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I know there will always be a risk of a strike in space but what is being done to combat the man made risk of debris from finished satellites? I read about a Swiss Organisation that is launching a device to clean up one of their satellites that was finishing its life. Will there be law mandating countries cleanup after themselves (countries that launch can't come off the excuse that they are too poor to cleanup)? Do things like building in decay in the orbit of a satellite so that it will burn up when it is finished exist? Are there other ways of making space safer again?

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There is no law per se, since there is no way to enforce it. There are general guidelines and ideas in place that pretty much everyone follows.

  • Geosync satellites have a reserve of fuel allocated to boost higher or lower in orbit at end of life, to preserve the slots safety.
  • Second stages are not supposed to be pressurized after use, and efforts made to prevent them from exploding (A common occurrence in the past, and source of much debris).
  • LEO satellites should be able to either a) demonstrate that they will de-orbit naturally within a certain time frame (Much easier than in GEO) b) de-orbit themselves over an ocean if there is a risk of landfall in-tact c) re-orbit to a disposal zone (a higher orbit).

This is a rough distillation of the IADC guidelines, not everyone abides by them.

Alas, it is much too late for some of the longer lived debris, and the Chinese ASAT test did not help. Nor did the collision of the Iridium and Russian satellite.

There are many thoughts on how to clean up, beyond waiting for stuff to deorbit.

  • ElectroDynamic Tethers that can attach to deorbit, either built in or after the fact.
  • Ground based lasers that vaporize the leading edge of the object, to generate thrust to slow it down, leading to deorbit (Or if small enough, vaporize the entire object).
  • Some satellite that can collect debris somehow. (Insert much hand waving).

The goal is to get rid of the biggest stuff with an EDDE like approach, and maybe a laser based approach to focus on the little stuff in dangerous orbits.

Neither is cheap nor fast.

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There are no laws, but there are guidelines.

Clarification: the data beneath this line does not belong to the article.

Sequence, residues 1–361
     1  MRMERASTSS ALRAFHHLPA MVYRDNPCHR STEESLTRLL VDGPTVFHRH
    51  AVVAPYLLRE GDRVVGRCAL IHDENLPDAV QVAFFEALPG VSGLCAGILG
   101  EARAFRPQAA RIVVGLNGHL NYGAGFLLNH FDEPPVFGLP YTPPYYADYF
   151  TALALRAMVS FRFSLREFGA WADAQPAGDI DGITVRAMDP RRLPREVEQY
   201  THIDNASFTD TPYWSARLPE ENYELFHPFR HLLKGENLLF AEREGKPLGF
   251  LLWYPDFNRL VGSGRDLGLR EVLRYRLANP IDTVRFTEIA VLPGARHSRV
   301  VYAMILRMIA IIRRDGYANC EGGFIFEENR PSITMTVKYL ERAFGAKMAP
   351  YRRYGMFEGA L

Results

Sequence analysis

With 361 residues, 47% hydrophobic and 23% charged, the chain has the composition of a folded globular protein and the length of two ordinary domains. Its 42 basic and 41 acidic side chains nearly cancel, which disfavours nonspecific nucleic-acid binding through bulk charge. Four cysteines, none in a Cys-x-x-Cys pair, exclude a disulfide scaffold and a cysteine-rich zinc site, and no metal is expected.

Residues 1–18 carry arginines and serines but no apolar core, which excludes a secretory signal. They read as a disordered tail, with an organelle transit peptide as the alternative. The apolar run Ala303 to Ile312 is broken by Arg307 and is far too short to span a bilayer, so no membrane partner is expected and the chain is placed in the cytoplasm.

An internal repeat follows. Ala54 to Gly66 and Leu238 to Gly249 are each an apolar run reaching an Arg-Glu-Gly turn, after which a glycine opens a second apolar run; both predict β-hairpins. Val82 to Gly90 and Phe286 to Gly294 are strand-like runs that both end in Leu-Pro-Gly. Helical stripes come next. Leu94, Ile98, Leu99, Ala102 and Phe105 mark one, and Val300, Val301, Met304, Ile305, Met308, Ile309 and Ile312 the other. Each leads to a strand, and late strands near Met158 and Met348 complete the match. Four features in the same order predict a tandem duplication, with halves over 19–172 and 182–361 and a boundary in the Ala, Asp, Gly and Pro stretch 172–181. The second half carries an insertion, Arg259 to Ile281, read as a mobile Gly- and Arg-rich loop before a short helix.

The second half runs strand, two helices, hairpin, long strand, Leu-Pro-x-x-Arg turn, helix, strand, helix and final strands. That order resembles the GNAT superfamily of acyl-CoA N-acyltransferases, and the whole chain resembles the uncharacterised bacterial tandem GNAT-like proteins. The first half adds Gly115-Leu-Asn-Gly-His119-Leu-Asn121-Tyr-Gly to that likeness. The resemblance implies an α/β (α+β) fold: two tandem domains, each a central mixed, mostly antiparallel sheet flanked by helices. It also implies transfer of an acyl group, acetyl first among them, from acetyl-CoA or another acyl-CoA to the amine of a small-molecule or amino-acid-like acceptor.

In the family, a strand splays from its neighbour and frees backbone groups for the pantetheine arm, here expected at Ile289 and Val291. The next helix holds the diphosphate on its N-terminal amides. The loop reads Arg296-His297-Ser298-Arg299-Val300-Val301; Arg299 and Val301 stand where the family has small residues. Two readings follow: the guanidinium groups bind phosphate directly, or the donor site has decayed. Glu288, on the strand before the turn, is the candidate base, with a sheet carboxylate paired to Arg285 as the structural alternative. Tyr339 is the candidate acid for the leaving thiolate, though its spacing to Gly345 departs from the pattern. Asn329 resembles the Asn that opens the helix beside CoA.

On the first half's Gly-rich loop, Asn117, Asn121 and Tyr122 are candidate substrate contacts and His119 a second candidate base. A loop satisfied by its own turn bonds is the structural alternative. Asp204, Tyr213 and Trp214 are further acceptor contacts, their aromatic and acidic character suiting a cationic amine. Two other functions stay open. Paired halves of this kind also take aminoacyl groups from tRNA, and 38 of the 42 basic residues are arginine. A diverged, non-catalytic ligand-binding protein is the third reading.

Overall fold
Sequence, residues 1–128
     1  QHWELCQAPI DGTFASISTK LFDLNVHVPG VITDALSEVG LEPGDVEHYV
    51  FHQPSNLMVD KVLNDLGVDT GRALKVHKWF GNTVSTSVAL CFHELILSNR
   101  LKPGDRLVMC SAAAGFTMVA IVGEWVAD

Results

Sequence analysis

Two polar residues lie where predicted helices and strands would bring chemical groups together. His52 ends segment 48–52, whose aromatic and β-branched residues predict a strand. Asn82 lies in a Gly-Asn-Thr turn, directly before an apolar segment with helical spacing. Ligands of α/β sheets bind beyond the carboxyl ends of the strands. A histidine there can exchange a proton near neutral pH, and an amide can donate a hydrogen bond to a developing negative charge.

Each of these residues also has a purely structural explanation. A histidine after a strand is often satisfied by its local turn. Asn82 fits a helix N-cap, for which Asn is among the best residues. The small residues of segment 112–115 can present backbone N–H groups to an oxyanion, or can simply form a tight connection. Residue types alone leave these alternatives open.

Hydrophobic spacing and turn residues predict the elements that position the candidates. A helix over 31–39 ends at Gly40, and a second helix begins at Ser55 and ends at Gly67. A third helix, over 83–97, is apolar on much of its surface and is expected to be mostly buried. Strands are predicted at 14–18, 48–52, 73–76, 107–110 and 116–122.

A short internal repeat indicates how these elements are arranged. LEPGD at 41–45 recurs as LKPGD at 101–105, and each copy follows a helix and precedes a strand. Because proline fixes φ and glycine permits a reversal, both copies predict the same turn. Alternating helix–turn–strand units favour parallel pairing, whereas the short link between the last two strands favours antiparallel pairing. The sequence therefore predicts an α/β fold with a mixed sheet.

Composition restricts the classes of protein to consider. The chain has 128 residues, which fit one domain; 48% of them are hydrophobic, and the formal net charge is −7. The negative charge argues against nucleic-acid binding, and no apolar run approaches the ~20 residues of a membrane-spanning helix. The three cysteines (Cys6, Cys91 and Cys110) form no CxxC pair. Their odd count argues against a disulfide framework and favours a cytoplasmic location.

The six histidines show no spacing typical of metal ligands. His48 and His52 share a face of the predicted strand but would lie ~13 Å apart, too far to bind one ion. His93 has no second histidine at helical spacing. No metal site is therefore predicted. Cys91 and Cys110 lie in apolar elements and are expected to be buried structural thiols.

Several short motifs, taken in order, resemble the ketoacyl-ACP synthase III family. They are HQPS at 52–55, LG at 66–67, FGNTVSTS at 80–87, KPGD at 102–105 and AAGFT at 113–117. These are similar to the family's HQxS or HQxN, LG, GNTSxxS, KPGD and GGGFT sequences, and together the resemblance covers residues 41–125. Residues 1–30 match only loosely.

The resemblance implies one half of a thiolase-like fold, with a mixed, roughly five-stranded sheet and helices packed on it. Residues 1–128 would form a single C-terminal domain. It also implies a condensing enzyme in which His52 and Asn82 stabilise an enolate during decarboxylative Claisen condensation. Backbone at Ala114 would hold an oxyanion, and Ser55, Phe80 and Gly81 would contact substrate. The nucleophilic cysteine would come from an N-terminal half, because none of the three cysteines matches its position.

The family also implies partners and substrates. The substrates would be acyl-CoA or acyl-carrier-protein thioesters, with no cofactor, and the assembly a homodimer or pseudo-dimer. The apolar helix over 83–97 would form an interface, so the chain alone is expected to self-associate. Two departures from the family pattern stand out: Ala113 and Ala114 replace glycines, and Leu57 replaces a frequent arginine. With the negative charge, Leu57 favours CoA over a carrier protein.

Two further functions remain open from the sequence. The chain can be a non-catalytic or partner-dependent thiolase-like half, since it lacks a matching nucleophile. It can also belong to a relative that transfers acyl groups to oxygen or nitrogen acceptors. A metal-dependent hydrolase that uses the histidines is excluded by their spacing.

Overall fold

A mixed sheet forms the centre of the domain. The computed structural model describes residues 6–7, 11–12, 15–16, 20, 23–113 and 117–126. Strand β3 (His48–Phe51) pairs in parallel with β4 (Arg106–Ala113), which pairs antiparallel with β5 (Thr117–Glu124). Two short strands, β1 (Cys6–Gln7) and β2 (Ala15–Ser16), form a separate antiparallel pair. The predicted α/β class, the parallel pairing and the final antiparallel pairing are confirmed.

In 2002, the Inter-Agency Debris Coordination Committee published the "IADC Space Debris Mitigation Guidelines," and presented these to the UNCOPUOS Scientific & Technical Subcommittee (STSC), where they served as a baseline for the "UN Space Debris Mitigation Guidelines." In 2007 these guidelines were approved by the 63 STSC member nations as voluntary high-level mitigation measures. Since the mid-1990s, space agencies in Europe have developed more technically oriented guidelines as a "European Code of Conduct," which was signed by ASI, UKSA, CNES, DLR and ESA in 2006.

The core elements of this Code of Conduct are in line with the IADC and UN guidelines. In order to tailor the Code of Conduct to the needs of ESA projects, ESA has developed its own "Requirements on Space Debris Mitigation for Agency Projects". These instructions came into force on 1 April 2008. They are applicable to all future procurements of space systems (launchers, satellites and inhabited objects).

Space debris mitigation guidelines provide a framework for 'what' needs to be done. The way 'how' mitigation measures must be implemented is specified in a more formal manner, via international standards - or via binding national requirements for the design and operation of space systems.

Such common standards guarantee a level field for industrial competition and for safe access to space into the future. International debris mitigation standards have been developed at ISO, such as in ISO-24113. The European Cooperation on Space Standardization (ECSS) adopted ISO-24113 in the space sustainability branch.

Experts from ESA regularly support these developments and their harmonisation with existing guidelines and requirements, such as in the ECSS. The ultimate ISO standards on space debris mitigation, however, will remain non-binding (as is true for any ISO standard).

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